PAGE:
The Starfish Principle comes from a story told in various forms, inspired by Loren Eiseley’s The Star Thrower.
Versions seem to appear and disappear around the internet, so I’m republishing part of an old piece by Joel Barker so I have something stable to link to.
Once upon a time, there was a wise man, much like Eiseley himself, who used to go to the ocean to do his writing.
He had a habit of walking on the beach before he began his work.
One day he was walking along the shore. As he looked down the beach, he saw a human figure moving like a dancer.
He smiled to himself to think of someone who would dance to the day.
So he began to walk faster to catch up.
As he got closer, he saw that it was a young man and the young man wasn't dancing, but instead he was reaching down to the shore, picking up something and very gently throwing it into the ocean.
As he got closer, he called out, "Good morning! What are you doing?" The young man paused, looked up and replied "Throwing starfish into the ocean."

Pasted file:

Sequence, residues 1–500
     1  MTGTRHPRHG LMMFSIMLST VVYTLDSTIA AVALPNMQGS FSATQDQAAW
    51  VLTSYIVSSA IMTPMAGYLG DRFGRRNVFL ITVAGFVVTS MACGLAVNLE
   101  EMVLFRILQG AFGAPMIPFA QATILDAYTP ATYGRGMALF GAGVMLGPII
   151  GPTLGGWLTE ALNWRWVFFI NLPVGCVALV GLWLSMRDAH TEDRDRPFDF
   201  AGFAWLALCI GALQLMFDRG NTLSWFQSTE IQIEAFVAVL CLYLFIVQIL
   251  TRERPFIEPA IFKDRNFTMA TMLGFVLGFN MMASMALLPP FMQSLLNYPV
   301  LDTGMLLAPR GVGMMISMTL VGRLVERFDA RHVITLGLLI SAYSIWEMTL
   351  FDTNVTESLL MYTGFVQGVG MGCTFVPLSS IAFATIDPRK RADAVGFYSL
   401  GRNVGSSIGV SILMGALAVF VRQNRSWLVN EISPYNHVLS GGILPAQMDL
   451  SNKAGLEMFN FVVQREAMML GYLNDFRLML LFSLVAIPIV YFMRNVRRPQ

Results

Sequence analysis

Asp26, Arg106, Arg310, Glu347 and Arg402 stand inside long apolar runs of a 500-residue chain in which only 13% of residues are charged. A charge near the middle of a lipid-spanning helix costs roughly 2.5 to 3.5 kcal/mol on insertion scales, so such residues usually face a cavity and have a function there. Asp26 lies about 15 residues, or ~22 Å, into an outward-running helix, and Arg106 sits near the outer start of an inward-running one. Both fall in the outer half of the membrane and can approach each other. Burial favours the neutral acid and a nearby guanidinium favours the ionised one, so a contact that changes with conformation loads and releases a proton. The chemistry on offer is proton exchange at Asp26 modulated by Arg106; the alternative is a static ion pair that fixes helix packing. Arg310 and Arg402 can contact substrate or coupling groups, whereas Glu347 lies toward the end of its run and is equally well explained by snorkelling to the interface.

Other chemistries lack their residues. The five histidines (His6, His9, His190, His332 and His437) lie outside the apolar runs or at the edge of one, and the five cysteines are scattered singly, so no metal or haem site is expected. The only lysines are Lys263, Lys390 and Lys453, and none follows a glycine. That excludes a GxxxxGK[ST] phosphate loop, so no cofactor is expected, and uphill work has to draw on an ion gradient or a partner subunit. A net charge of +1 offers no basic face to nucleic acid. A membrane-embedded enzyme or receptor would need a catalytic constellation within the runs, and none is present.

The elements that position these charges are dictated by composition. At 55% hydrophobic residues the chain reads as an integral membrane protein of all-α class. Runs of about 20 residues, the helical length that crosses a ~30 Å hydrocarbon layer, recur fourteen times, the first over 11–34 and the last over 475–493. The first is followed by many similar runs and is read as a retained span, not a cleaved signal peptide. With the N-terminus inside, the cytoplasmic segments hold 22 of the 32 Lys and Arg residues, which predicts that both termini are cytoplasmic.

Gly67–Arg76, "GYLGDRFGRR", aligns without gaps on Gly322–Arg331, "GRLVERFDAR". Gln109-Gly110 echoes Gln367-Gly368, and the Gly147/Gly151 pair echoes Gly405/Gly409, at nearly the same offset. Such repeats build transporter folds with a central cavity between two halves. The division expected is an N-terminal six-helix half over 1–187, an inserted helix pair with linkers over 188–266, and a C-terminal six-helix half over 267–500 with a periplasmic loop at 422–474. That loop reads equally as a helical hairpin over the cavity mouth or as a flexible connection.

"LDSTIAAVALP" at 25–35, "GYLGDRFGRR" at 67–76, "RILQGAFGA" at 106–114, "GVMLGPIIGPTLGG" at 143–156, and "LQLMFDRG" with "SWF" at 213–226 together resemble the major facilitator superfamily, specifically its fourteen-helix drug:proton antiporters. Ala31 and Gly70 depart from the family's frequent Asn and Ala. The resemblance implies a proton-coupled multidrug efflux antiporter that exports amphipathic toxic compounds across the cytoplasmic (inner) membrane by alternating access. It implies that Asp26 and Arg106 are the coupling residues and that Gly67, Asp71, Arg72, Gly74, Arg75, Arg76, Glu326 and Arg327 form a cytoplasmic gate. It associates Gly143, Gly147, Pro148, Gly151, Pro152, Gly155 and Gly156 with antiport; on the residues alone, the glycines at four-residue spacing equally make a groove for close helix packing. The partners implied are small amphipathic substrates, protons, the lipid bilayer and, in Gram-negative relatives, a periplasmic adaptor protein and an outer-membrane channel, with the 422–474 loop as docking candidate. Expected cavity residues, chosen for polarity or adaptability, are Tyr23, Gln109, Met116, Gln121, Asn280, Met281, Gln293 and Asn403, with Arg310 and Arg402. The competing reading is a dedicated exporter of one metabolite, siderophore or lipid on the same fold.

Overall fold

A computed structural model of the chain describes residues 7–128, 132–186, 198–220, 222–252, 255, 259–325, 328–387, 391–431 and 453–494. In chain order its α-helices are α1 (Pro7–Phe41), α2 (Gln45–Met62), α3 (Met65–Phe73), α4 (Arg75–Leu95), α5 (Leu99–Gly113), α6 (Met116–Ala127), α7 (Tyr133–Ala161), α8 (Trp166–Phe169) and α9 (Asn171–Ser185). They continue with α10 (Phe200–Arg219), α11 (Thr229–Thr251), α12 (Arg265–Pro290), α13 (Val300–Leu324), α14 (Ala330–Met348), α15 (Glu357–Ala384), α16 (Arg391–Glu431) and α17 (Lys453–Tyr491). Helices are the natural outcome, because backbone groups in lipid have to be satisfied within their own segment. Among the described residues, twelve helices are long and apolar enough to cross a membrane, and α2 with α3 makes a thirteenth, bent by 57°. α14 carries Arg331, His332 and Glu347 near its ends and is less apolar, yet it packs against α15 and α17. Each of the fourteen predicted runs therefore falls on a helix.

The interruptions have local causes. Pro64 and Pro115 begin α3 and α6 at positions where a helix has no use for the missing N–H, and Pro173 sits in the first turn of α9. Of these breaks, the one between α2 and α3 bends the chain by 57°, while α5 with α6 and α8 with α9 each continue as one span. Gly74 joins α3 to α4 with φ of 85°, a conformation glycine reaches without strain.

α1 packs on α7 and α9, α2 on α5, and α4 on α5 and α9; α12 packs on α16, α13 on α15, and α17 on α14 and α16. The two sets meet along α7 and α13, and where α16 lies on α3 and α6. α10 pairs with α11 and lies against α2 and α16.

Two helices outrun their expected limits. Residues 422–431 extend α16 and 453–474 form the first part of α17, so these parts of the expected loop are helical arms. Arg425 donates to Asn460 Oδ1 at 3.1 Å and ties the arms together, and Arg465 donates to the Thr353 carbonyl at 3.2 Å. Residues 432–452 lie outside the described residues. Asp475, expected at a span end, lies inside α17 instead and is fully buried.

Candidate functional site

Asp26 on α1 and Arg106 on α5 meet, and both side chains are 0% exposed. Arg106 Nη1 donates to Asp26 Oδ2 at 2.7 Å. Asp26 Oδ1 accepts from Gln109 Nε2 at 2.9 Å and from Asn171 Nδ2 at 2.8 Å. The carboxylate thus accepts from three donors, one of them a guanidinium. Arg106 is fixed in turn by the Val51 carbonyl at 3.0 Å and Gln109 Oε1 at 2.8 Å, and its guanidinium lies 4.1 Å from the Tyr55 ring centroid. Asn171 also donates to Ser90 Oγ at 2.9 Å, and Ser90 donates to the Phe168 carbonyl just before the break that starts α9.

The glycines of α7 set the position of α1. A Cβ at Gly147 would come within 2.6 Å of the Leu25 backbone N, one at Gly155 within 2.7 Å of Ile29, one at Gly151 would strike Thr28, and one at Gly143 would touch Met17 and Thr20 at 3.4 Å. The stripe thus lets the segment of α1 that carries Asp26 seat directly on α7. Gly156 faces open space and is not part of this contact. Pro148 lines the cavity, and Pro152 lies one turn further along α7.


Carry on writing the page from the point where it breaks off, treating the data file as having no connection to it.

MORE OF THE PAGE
"I guess I should have asked, Why are you throwing starfish into the ocean?"
"The sun is up and the tide is going out. And if I don't throw them in they'll die."
"But young man, don't you realize that there are miles and miles of beach and starfish all along it. You can't possibly make a difference!"
The young man listened politely. Then bent down, picked up another starfish and threw it into the sea, past the breaking waves. "It made a difference for that one!"
Maybe your actions aren’t changing the world, fixing a fundamental issue, or making sustainable change.
They can still be having real significant impact for some individuals.
Don’t undervalue that.